World’s Largest Building Has a Climate of Its Own

By Anupum Pant

A place where planes like the Boeing 747, 767, 777 and 787 are built, has to be huge. But this Boeing factory in Everett, Washington, home to 30,000 workers (working in 3 shifts), is so huge that the inside of the building has a climate of its own. It is the largest building on Earth. If you get a chance, you must not drop a chance to take the 90-minute tour of this factory (it costs $15 per adult). Here are a few things to note about it…

The size: The volume of this factory is 472 million cubic feet or 13.3 million cubic meters. That is enough to fit the whole Disney land and still be left with a 12 acre place to park the vehicles. In other words, it could fit 800 standard sized hockey rinks. Or it could fit in 75 football fields. Or it can hold about 12 empire state buildings! You get an idea how huge it is, right?

Largest Digital Mural: Being huge comes with its own side effects – another world record. The doors, like the building, are huge too. The factory has 6 doors, where each of them is 82 feet in height and 300-350 feet in width! You could bring in an NFL field (as in, fit the length of it) in through one of these. But what is more interesting about these doors is that they are covered with a 100,000 square feet of digital graphic. This is the largest digital mural in the world – printed by SuperGraphics, Seattle. It took the workers 27 days to install the digital mural.

Small City: Had this place been slightly larger, it could have had enough space to fit in a country – The Vatican city. Still, it isn’t small. The building is like a small city with it’s own fire department, security force, fully equipped medical clinic, electrical substations and water treatment plant. To move around in this little city, the employees use 1,300 bicycles.

Its own Climate? Now, since it is like a small city, it has to have its own climate, right? Yes. When the building was first built, clouds got formed inside and some say it even rained inside (mostly, not true). But rainbows have definitely been seen inside.
The temperature inside the building is controlled by those 1 million bulbs that are used in there. During winters, the bulbs bring warmth and during summers the doors are opened and air circulating fans are switched on to let the fresh Everett breeze come in.

Bonus fact: The network of 26 overhead cranes have about a total of 39 miles of ceiling rails inside the factory!

Yakhchal – An Ancient Cold Storage Marvel

By Anupum Pant

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During a period when electricity was only a thing for the Gods, around 400 B.C.E., in the hot-arid deserts of Iran where temperatures touched 40 degree centigrade, ancient engineers had found a way to keep their ice from melting. Two thousand years back, a cold storage facility was being used. The impressive thing about it – it was clean and sustainable technology.

What are these?

Yakhchals, or ice pits of ancient Persia were the huge mounds (buildings hollow from the inside), which made it possible for Persians to store away the ice for summers, meat, dairy products, other food items and chilled frozen Faloodeh for the palace. Beside treats for the palace, the method of preserving ice was so professional yet simple that even the poor could afford it.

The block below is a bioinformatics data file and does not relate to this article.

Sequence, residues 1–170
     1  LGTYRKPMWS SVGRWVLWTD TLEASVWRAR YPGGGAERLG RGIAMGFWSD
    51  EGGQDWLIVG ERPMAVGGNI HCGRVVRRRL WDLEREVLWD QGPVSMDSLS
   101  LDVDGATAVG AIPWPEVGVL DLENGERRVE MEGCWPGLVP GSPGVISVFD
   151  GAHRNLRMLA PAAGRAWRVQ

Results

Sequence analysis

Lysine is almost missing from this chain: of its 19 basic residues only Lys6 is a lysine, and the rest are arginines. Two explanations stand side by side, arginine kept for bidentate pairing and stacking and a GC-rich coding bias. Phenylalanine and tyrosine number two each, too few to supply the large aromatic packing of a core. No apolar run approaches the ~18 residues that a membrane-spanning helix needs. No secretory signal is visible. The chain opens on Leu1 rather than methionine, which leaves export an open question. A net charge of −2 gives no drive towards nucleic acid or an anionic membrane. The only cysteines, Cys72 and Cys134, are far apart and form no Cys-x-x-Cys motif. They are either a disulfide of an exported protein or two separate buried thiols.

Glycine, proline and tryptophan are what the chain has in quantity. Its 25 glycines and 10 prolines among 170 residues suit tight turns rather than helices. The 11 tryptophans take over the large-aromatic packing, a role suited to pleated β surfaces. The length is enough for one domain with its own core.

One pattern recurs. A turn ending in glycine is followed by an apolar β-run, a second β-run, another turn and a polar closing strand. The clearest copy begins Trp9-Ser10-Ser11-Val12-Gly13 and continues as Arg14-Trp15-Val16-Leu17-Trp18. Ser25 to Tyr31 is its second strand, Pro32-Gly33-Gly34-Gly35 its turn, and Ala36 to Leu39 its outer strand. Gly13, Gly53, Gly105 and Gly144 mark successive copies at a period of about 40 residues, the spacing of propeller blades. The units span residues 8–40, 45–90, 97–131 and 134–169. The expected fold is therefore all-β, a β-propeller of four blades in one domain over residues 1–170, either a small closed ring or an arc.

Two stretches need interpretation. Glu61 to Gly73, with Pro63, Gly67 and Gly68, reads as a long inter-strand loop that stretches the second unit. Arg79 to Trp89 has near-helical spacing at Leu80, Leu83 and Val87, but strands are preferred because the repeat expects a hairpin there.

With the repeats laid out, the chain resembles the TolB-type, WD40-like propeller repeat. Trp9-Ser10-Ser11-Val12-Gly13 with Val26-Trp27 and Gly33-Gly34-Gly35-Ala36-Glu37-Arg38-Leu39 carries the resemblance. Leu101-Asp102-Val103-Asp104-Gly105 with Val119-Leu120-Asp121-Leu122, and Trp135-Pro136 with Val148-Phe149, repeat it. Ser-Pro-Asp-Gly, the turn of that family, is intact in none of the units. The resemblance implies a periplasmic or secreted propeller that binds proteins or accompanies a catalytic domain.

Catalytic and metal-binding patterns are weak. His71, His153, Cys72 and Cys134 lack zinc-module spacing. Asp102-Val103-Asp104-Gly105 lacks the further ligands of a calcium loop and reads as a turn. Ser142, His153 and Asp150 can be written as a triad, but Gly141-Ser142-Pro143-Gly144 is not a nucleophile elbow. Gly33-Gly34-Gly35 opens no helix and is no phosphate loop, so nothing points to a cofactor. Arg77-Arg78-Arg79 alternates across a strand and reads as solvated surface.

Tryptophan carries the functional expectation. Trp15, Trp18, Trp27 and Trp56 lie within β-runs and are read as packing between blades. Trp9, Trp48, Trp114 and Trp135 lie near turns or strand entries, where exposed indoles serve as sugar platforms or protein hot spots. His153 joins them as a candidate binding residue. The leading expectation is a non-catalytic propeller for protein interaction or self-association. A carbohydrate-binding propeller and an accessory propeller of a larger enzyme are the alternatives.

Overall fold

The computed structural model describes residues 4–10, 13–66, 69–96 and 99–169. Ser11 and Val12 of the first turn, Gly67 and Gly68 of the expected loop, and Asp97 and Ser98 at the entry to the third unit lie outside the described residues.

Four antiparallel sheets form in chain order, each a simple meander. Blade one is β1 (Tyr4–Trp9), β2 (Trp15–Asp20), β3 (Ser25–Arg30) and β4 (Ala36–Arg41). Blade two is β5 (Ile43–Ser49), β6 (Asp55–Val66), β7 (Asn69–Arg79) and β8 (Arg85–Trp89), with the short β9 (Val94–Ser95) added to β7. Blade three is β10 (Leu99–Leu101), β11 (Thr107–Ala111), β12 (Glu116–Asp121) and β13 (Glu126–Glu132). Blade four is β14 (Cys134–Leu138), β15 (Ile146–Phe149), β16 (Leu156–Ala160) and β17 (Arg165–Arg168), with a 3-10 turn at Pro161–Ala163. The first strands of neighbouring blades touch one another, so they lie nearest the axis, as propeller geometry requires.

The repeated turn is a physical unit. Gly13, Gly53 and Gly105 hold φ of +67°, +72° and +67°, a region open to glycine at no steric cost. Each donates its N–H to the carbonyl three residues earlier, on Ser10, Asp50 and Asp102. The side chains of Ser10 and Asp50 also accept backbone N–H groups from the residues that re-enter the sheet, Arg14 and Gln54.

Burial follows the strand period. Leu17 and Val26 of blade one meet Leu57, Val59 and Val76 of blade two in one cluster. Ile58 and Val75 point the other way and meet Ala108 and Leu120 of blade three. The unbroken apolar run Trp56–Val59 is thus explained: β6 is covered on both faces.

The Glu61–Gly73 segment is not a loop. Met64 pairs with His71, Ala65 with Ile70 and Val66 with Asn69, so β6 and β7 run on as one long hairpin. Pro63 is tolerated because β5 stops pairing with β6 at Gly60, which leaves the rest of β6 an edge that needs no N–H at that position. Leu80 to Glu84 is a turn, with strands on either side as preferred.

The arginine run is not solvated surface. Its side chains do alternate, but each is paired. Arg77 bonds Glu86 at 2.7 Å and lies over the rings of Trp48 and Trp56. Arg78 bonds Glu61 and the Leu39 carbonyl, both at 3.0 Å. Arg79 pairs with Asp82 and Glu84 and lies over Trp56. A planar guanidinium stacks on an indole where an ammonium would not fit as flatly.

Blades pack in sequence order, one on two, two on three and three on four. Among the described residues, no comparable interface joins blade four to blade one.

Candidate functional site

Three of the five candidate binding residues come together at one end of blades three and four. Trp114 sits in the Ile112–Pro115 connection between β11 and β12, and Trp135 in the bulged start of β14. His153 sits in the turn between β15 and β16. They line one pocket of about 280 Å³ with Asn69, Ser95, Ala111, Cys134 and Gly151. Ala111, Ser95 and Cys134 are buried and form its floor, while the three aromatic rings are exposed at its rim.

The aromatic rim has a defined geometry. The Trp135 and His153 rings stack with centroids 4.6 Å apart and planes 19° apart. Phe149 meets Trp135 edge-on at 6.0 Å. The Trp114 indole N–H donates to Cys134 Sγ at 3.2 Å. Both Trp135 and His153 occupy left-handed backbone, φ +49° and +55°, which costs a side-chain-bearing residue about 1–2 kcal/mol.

Structure and Working

The structure of these buildings above the ground is a large mud brick dome, often rising to about 60 feet in height. Below it are large underground empty spaces, up to 5000 cubic meter in volume. This space had access to wind catch and often contained a system of wind-catchers that could easily bring temperatures inside the space down to frigid levels in summer days. The structures were built so well that many still remain standing.

Working: The massive insulation built into the walls (due to the use of a special mixture of sand, clay, egg whites, lime, goat hair, and ash) and the continuous cooling waters that spiralled down its side kept the ice frozen throughout the summer by evaporative cooling (just like those mist fans). They also had a trench at the bottom to catch water from the molten ice and to refreeze it during the cold desert nights. The ice was then broken up and moved to rooms deep in the ground. As more water ran into the trench the process was repeated.

Geography: These were built in the areas that had suitable condition for producing natural ice or places where there was feasibility of water freezing during the cold nights.

Major architectural elements

  • Shading wall – To avoid direct exposure to sunlight and to let the structure remain cool in the shade.
  • Provisional pool – To supply water for evaporative cooling to take place.
  • and Ice reservoir – To keep the cycle going. Freeze > Melt > Refreeze at night and so on…

The end of Yakhchal (reasons)

  • Since the advent of electricity-guzzling freezers and air conditioners, unfortunately, the use of these architectural wonders has been considered as foolishness. This is probably the reason no Yakhchals are being used for cold storage anymore.
  • Desert storms, caused a lot of erosion to these structures, especially to the ones that were isolated in the desert regions.
  • Since Yakhchal’s ice formed in the open it was prone to combining with dust and resulted in contamination. That was another reason it wasn’t considered as a choice useful enough for modern purposes.

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